children are also included during interaction between the care worker and the client. Special emphasis

during training will ensure HVs have a comprehensive understanding of referrals and linkages with other

services, including linkages with health and social welfare sectors for grants, legal aid, micro-finance,

spiritual support, CT, ARVs, and FP. With FY 2008 funding, World Vision will also seek to include bicycle

transport options for care workers to further improve coverage and support.

ACTIVITY 2: Psychosocial support training

In addition to home visitors, World Vision will also continue to identify and train supervisors and group

leaders to provide psychosocial support services. In districts where psychosocial support will be

established, community group leaders will be trained to reach family members of PLHIV and OVC, adults,

and their households through group counseling. At each site, qualified and trustworthy community members

to guide support group activities will be identified. These community-based group leaders will lead weekly

support sessions for the group members and conduct home visits to families of OVC. WV's Regional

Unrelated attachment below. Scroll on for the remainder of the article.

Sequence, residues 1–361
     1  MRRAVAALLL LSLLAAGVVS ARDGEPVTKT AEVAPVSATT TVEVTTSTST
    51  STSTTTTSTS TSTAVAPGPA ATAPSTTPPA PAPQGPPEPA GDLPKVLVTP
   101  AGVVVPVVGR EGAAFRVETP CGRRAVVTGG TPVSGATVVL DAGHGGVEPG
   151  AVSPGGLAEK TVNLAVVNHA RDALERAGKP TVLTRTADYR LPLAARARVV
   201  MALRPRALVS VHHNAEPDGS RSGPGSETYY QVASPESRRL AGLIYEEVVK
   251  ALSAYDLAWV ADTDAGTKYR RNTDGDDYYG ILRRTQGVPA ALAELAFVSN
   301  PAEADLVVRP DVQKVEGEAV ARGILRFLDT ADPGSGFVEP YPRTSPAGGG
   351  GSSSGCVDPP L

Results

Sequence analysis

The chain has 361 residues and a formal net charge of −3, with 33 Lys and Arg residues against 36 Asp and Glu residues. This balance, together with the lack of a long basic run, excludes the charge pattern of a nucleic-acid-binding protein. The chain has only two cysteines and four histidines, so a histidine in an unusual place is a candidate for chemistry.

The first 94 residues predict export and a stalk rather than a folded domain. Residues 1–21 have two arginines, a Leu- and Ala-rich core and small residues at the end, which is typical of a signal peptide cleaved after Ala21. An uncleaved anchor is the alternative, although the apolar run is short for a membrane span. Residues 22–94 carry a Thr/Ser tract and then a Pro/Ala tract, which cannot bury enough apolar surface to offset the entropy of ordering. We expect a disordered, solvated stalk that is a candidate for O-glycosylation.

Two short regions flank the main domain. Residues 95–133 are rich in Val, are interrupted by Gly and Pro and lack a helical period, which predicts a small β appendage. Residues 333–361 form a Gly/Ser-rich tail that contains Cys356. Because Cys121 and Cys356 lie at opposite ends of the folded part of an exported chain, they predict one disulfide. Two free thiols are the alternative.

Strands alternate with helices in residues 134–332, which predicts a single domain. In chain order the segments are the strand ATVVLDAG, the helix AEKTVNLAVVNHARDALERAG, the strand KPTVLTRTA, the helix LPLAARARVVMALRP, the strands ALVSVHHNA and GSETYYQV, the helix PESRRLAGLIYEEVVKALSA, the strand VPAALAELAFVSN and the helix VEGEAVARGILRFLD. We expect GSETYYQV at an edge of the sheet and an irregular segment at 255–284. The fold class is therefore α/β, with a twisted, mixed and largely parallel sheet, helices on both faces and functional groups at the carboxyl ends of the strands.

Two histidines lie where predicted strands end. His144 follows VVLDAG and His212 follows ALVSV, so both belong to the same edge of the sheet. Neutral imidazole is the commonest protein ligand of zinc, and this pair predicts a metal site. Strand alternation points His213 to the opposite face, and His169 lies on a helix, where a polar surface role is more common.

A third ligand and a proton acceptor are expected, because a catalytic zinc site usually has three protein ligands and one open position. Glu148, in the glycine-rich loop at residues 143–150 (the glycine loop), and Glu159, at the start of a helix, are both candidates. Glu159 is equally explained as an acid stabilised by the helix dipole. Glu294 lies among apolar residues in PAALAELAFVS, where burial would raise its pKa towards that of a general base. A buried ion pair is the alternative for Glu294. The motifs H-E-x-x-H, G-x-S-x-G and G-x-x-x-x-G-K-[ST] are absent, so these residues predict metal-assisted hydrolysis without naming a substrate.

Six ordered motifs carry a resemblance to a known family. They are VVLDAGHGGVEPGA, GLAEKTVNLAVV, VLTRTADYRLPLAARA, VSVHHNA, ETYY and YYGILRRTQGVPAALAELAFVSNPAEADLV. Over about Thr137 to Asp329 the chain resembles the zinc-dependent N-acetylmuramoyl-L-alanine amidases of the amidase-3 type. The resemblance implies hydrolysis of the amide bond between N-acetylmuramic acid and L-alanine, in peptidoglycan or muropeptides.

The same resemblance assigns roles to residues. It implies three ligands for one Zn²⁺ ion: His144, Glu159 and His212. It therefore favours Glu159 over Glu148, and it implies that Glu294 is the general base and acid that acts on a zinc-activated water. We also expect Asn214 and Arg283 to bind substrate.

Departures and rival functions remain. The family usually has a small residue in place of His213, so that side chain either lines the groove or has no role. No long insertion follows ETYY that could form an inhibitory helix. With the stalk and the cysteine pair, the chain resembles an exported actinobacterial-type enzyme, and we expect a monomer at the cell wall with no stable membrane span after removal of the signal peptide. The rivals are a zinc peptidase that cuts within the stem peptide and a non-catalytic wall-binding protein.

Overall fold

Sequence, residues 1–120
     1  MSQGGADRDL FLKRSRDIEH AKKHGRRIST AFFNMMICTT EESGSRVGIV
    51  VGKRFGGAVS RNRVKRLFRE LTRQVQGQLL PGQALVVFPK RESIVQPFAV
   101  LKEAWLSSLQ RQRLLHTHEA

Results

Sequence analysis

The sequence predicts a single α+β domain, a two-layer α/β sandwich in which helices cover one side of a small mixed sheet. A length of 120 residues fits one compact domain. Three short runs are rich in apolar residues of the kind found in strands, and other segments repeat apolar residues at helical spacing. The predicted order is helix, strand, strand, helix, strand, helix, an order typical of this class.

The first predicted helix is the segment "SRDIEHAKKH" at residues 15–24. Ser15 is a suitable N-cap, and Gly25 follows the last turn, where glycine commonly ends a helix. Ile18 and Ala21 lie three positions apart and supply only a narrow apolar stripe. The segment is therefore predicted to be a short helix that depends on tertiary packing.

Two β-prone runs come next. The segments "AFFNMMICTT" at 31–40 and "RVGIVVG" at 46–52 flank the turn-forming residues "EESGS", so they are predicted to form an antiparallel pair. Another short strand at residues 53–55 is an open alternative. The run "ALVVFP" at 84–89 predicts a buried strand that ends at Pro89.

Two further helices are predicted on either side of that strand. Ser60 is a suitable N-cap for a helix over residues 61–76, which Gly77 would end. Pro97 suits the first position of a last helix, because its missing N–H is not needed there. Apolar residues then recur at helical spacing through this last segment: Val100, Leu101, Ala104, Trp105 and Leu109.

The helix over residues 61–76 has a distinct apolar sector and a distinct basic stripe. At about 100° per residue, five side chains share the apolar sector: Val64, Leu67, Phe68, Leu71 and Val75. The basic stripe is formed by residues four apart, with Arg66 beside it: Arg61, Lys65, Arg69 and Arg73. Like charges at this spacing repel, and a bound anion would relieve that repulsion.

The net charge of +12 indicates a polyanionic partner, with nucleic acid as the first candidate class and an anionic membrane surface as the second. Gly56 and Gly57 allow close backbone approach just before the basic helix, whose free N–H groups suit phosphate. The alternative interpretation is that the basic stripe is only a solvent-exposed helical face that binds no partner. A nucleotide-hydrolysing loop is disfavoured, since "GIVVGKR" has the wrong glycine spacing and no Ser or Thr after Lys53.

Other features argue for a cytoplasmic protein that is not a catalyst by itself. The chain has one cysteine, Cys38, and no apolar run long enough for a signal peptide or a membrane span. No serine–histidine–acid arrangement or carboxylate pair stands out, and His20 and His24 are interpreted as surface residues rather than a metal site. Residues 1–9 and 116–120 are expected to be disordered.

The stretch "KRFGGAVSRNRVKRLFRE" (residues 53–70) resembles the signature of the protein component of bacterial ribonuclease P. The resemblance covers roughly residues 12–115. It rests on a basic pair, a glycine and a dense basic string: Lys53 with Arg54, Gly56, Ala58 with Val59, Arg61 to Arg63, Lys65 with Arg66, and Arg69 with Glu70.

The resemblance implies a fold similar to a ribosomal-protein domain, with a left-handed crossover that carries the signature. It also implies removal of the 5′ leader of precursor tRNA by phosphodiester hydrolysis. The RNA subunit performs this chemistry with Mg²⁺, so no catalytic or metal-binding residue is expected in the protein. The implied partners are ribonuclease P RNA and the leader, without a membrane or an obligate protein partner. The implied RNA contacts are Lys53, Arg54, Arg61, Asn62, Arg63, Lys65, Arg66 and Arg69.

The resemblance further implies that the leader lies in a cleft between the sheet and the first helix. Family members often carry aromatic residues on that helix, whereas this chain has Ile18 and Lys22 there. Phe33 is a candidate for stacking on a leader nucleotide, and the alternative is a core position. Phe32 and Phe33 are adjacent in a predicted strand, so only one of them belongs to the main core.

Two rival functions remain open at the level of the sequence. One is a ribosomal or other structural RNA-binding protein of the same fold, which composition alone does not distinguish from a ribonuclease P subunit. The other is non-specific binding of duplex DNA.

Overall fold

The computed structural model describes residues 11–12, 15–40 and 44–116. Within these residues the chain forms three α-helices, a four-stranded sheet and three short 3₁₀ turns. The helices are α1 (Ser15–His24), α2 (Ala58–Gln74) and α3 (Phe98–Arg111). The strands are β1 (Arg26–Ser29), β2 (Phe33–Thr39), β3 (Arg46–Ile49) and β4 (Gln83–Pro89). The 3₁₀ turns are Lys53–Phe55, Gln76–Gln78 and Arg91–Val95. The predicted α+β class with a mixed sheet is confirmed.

Psychosocial Advisor will train supervisors as well as selected World Vision staff on a training curriculum

based on successful modules designed to address the particular needs of children and of adults. The

training will equip supervisors to assist and support others in care of the carer. At all levels, care of the carer

and care support training will focus on psychosocial interventions, including assessment, basic counseling,

group facilitation, and advocacy. Complementing health and nutrition lessons, training will ensure that all

trainees are able to recognize general physical as well as psychosocial health problems associated with

HIV and AIDS in children, and to make appropriate referrals to Child and Family Wellness clinics, Health

Centers and PHC Centers as needed.

Support group meetings led by trained group leaders using interactive and participatory techniques will be

held regularly with HVs. Working with churches/FBOs, and CBOs, World Vision will invite community

members to form psychosocial support groups. Group members will also be identified through assessment